Square-Stemmed St John's Wort Control Guide

Do's and don'ts of square-stemmed St John's wort control

Square stemmed St Johns wort, photo: John Crellin

Do's

  • Plan your control program, this will save time and money in the long-run;
  • Consider the impact of your control methods on off-target species, especially if herbicides are used;
  • Ensure machinery and equipment is washed down between sites or prior to contractors leaving site;
  • Get in early - for new infestations, eradicate before the plants reach the flowering stage: once plants begin seeding, control becomes more difficult and expensive;
  • Coordinate your control program with neighbouring landholders where your weed problem crosses property boundaries;
  • Revisit and regularly inspect the site and ensure follow-up is undertaken;
  • Use a combination of different control methods; and
  • Establish vigorous pasture (or native species) after removal to reduce re-infestation.

Don'ts

  • Don't introduce square-stemmed St John's wort to square-stemmed St John's wort to-free areas (e.g. by failing to wash down machinery and equipment between sites);
  • Don't start your control program without first planning your approach;
  • Don't allow square-stemmed St John's wort to to flower and set seed before treatment;
  • Don't rely on one attempt at removal - follow-up is essential;
  • Don't rely on just one control method.


Spread of square-stemmed St John's wort

  • Square-stemmed St John's wort spreads by seed and by vegetative means (crown and rhizomes).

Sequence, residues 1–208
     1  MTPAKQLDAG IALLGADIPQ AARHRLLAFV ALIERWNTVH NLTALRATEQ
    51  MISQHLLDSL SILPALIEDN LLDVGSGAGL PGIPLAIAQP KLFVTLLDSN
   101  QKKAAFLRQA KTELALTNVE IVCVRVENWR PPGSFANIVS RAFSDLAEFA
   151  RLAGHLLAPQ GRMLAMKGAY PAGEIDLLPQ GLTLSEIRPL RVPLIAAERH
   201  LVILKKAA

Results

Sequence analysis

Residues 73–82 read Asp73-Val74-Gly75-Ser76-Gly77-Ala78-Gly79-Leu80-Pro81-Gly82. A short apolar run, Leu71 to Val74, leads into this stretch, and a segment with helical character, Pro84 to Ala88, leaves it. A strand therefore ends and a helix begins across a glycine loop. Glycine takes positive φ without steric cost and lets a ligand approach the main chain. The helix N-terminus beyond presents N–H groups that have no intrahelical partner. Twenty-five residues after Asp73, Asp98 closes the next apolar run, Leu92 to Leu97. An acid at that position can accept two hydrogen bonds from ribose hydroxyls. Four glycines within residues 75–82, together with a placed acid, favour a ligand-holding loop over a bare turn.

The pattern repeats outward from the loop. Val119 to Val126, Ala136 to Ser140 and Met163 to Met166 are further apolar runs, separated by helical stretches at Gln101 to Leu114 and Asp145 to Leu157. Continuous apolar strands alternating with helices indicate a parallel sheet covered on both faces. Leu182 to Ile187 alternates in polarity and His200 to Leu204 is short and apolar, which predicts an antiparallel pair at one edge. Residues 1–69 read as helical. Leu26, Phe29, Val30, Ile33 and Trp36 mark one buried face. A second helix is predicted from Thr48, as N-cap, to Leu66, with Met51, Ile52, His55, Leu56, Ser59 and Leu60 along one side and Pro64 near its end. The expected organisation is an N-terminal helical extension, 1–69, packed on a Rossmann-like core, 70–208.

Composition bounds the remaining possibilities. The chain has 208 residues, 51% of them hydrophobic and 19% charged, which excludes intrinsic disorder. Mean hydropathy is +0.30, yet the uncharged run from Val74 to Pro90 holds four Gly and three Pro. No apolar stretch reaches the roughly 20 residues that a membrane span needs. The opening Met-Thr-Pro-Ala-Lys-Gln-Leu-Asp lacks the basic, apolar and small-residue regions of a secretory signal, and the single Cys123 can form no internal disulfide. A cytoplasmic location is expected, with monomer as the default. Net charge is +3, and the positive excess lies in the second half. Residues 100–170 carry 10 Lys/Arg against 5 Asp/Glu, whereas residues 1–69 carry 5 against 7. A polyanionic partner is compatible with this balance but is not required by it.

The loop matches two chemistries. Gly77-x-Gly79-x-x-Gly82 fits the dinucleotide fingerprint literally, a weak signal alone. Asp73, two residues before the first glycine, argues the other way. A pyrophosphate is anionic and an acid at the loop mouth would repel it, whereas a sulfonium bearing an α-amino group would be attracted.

• Seed is the main means of spread. Seed is spread in water and soil, and as a contaminant of agricultural produce.
  • Spread within patches occurs from rhizome growth and stems which develop roots near the base. Cultivation, earthworks and roadside machinery can spread fragments of rhizomes to clean areas where the fragments produce new plants.


Avoid the introduction of square-stemmed St John's wort

  • Preventing the introduction of square-stemmed St John's wort to clean areas is the best means of control.
  • Avoid spreading seed or fragments of rhizome in mud when using machinery and vehicles used in infested areas.
  • Small isolated infestations should be removed as soon as possible, preventing further spread.
  • See the Washdown Guidelines for Weed and Disease Control for detailed information on how to wash-down equipment and personnel to reduce the chance of spreading square-stemmed St John's wort.


Physical removal

  • Isolated plants and small infestations can be removed by hand, preferably before seeding.
  • Remove as much of the root system as possible as square-stemmed St John's wort can sucker from roots left in the ground.
  • Follow-up will be required to deal with any further germination or suckering.


Cultivation

  • Square-stemmed St John's wort can be set back by cultivation which exposes and dries out the roots, then sowing to pasture.
  • The developing pasture should be left un-grazed for the first year to allow the subterranean clover maximum chance to smother the St John's wort.
  • Over-grazing will favour the weed as it reduces the competition from the pasture plants.


Chemical control


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